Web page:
Information alert

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This page has been written to help prepare you and the family for your child’s proton beam therapy (PBT) treatment under a general anaesthetic.

We understand that this is a worrying time for children and their families. You may feel that you have been given lots of information about your child’s treatment. We hope this page answers your questions about treatment under a general anaesthetic. If you still have any questions or concerns, please ask. We are here to help.

Before starting treatment, your child will have an anaesthetic assessment appointment. At this appointment you, and your child, will meet with an anaesthetist. You will have discussions about their general health, any previous anaesthetic experiences and for the anaesthetist to answer any questions you may have.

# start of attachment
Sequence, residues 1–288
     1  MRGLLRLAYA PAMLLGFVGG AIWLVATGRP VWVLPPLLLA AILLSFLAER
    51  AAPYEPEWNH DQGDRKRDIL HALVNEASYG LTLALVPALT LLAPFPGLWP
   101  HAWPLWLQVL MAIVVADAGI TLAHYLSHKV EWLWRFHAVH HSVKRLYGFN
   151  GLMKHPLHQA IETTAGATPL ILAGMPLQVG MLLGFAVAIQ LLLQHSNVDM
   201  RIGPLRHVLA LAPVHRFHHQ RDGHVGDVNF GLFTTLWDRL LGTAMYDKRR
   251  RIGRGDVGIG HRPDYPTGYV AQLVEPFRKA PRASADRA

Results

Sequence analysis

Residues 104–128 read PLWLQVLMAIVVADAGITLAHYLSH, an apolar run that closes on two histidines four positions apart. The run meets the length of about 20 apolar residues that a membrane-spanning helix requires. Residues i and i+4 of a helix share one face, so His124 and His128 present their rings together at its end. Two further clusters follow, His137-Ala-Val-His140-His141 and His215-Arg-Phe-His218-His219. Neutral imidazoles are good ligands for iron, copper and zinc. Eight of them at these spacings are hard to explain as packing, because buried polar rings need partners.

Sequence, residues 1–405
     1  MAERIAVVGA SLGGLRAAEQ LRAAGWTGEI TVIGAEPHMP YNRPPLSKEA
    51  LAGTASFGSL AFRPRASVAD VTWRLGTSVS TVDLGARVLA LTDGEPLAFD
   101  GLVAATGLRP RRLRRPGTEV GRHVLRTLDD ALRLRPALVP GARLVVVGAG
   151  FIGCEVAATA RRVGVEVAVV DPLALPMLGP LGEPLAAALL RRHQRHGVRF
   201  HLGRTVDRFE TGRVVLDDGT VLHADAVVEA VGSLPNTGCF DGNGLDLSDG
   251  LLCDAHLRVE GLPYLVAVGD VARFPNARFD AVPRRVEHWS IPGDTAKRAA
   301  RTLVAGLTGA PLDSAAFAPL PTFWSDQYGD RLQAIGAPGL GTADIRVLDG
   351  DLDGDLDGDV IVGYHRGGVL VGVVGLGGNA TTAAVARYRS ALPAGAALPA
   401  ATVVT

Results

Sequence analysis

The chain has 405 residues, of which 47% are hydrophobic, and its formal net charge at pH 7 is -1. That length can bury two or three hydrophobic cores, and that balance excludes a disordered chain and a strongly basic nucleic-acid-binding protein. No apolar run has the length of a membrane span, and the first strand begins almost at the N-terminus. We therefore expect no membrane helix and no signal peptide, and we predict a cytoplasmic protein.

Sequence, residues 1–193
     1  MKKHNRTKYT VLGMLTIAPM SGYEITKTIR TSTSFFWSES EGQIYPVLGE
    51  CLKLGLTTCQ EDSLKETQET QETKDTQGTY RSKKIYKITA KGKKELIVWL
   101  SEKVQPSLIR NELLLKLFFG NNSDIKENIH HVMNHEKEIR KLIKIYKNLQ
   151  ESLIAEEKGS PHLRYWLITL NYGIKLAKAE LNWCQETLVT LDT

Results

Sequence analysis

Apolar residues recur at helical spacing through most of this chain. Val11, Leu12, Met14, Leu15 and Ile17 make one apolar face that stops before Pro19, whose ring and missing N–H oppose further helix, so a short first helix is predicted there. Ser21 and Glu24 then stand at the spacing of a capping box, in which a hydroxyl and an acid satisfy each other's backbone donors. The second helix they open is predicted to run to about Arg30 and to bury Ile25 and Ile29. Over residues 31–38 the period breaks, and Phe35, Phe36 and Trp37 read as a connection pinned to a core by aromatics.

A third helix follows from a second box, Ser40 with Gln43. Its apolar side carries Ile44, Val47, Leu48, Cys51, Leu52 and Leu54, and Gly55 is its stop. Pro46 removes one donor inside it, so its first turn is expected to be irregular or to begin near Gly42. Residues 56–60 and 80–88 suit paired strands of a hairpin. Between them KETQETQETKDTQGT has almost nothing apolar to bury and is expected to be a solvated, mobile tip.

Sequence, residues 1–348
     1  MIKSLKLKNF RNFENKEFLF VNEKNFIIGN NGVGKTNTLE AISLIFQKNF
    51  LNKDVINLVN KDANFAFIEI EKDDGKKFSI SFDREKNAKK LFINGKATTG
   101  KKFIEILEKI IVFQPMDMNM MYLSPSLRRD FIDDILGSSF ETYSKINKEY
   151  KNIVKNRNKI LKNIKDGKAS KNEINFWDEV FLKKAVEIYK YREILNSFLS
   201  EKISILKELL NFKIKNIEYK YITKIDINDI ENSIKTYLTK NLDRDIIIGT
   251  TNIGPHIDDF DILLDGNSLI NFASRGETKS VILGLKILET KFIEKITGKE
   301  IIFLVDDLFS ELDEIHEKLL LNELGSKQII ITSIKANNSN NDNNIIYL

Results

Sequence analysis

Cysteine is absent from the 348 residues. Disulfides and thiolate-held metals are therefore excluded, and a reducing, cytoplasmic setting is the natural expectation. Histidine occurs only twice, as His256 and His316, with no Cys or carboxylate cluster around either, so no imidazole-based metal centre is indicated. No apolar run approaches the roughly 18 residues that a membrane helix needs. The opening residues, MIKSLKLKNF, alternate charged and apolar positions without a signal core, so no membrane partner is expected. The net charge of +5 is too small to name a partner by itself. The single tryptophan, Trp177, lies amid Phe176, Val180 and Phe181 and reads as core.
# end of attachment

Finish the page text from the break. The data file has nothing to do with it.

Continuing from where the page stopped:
The anaesthetic assessment appointment will happen at your child’s visit to the PBT centre, which is in the Grafton Way Building, before their PBT planning scans. This process will be outlined in your appointment letter.

General anaesthesia means that drugs are used to induce a deep sleep. This is different to conscious sedation, where drugs are used to produce a calming effect. As your child requires a general anaesthetic, to keep them very still for planning and treatment, they will need pre-anaesthetic fasting.

Pre-anaesthetic fasting is the restriction of food and fluid prior to having a general anaesthetic. It has been a traditional practice for many years to ensure patient safety. Pre-anaesthetic fasting reduces the risk of liquids or food entering the lungs (also called aspiration) while your child is under general anaesthesia.